On our first date 15 months ago, the love of my life brought up his fear that his boys would never grow up and leave home. I laughed, because while I have very satisfying relationships with my 17- and 16-year-old sons, I know they have "moving out" on their minds. Now, as I've observed the way his former wife and he raise their 16- and 12-year-old sons, I understand his concerns.
Our love affair is the happiest relationship we've experienced in our lives, and we cherish it and each other. One thing that makes it so easy is that we don't "blend" our families. Neither of us wants to interfere in the other's family life, so we enjoy our relationship when our boys are at the other parent's homes. We've all met and respect each other, but we don't force ourselves or our children on each other's children. But since parenting teenage boys comes up in our conversations regularly, the differences between our boys' development has become stark.
My boys are standard issue: They successfully attend public school (and aftercare when they were in elementary school). They play sports, ride bikes to school, visit and entertain lots of friends, plan their own social lives, fix their own meals when necessary, and now, for the past year, drive cars and work part-time jobs. Like most siblings, they bicker and fight, but they also golf together most afternoons. Now my oldest is planning for college and work-study in the fall -- in another town.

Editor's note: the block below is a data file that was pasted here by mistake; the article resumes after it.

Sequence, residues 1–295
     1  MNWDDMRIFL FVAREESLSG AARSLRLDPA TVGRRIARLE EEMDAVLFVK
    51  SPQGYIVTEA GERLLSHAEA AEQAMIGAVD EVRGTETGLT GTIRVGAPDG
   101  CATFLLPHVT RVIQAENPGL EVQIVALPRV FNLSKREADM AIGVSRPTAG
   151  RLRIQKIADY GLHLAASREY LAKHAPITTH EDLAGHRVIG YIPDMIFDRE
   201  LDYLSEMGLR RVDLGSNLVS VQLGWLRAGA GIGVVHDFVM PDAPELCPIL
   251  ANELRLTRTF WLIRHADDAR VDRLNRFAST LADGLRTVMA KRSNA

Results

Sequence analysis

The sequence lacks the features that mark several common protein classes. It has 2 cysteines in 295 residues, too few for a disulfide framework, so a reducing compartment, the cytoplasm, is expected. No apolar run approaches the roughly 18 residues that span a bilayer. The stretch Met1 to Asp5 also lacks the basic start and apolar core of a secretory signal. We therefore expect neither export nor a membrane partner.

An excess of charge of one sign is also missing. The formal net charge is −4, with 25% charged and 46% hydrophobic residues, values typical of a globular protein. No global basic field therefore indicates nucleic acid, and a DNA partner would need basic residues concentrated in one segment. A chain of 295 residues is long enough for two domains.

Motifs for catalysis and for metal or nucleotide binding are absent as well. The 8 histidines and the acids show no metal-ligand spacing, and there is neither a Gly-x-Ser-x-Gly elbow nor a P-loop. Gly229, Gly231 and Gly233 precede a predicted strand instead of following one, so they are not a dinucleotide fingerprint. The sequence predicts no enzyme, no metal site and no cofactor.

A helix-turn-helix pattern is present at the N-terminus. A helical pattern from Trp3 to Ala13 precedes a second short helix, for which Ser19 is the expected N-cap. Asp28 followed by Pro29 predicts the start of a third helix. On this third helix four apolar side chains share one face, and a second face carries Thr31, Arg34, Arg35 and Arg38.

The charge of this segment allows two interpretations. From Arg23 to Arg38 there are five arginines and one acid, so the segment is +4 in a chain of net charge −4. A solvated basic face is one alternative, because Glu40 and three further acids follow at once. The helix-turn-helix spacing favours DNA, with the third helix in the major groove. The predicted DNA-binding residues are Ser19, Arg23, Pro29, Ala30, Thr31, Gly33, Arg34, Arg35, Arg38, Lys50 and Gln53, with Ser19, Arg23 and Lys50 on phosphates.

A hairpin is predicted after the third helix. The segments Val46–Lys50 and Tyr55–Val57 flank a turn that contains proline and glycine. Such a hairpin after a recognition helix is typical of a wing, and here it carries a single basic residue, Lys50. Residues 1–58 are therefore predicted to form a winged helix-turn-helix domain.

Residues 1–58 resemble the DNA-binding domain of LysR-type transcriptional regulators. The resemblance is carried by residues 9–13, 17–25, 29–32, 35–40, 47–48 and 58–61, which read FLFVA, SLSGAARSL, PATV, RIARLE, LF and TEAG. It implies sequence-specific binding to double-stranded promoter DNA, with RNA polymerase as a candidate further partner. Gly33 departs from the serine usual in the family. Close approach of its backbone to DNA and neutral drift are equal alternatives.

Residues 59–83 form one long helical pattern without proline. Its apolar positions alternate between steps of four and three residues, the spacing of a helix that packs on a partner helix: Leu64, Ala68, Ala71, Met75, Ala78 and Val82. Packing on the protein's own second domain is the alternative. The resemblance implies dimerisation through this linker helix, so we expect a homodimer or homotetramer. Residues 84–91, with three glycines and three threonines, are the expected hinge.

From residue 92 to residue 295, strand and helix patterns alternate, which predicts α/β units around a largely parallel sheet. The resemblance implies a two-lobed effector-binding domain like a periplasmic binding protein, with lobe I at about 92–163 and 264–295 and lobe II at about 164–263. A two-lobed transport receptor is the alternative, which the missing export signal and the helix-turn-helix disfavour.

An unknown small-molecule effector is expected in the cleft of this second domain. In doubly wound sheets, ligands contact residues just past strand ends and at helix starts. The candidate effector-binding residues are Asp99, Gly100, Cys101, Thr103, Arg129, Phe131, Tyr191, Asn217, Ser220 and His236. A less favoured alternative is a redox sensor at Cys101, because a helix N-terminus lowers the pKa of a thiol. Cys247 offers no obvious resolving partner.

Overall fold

My boyfriend's boys seem unusual to me in that they live in social isolation and have everything done for them. They are driven to school, sometimes private school, have no friends or social lives, play computer games until they are told to read or draw and then passively comply. They never play outdoors or participate in sports. They've never learned to swim or ride bikes. They've never ventured to the neighborhood market on a summer afternoon to buy a Popsicle. His 12-year-old still has his hair washed for him. They never ask for anything, they eat what they're provided, wear what they're provided, and never have a voice in these decisions. In fact, they never accompany a parent to the grocery or clothing or even video store. Every choice is made for them. Oh, and get this: The boys don't even bicker with each other!
I don't want to offer my boyfriend unwelcome advice, but when he worries out loud that they'll never leave home, it's hard for me not to say what seems obvious: He and the boys' mother aren't doing anything to push them along. Should I risk our peace by mentioning it, or leave him in the dark?
I'm not sure I would go so far as to offer unsolicited advice. People are touchy about how they raise their kids -- especially if their kids come from a planet without centrifugal force or bicycles. But I would nevertheless risk the peace by mentioning it. I would risk the peace by bringing a bicycle to the house and asking the boys if they've ever seen one. I would risk the peace by demonstrating how the chain goes over the front sprocket, how the pedals drive the wheels, how the gyroscopic effect of the wheels miraculously allows one to stay upright with a minimum of effort! Then I would ride around in circles and point and laugh at the boys.
Just kidding. That's what another boy would do.
Seriously, I am a little flabbergasted.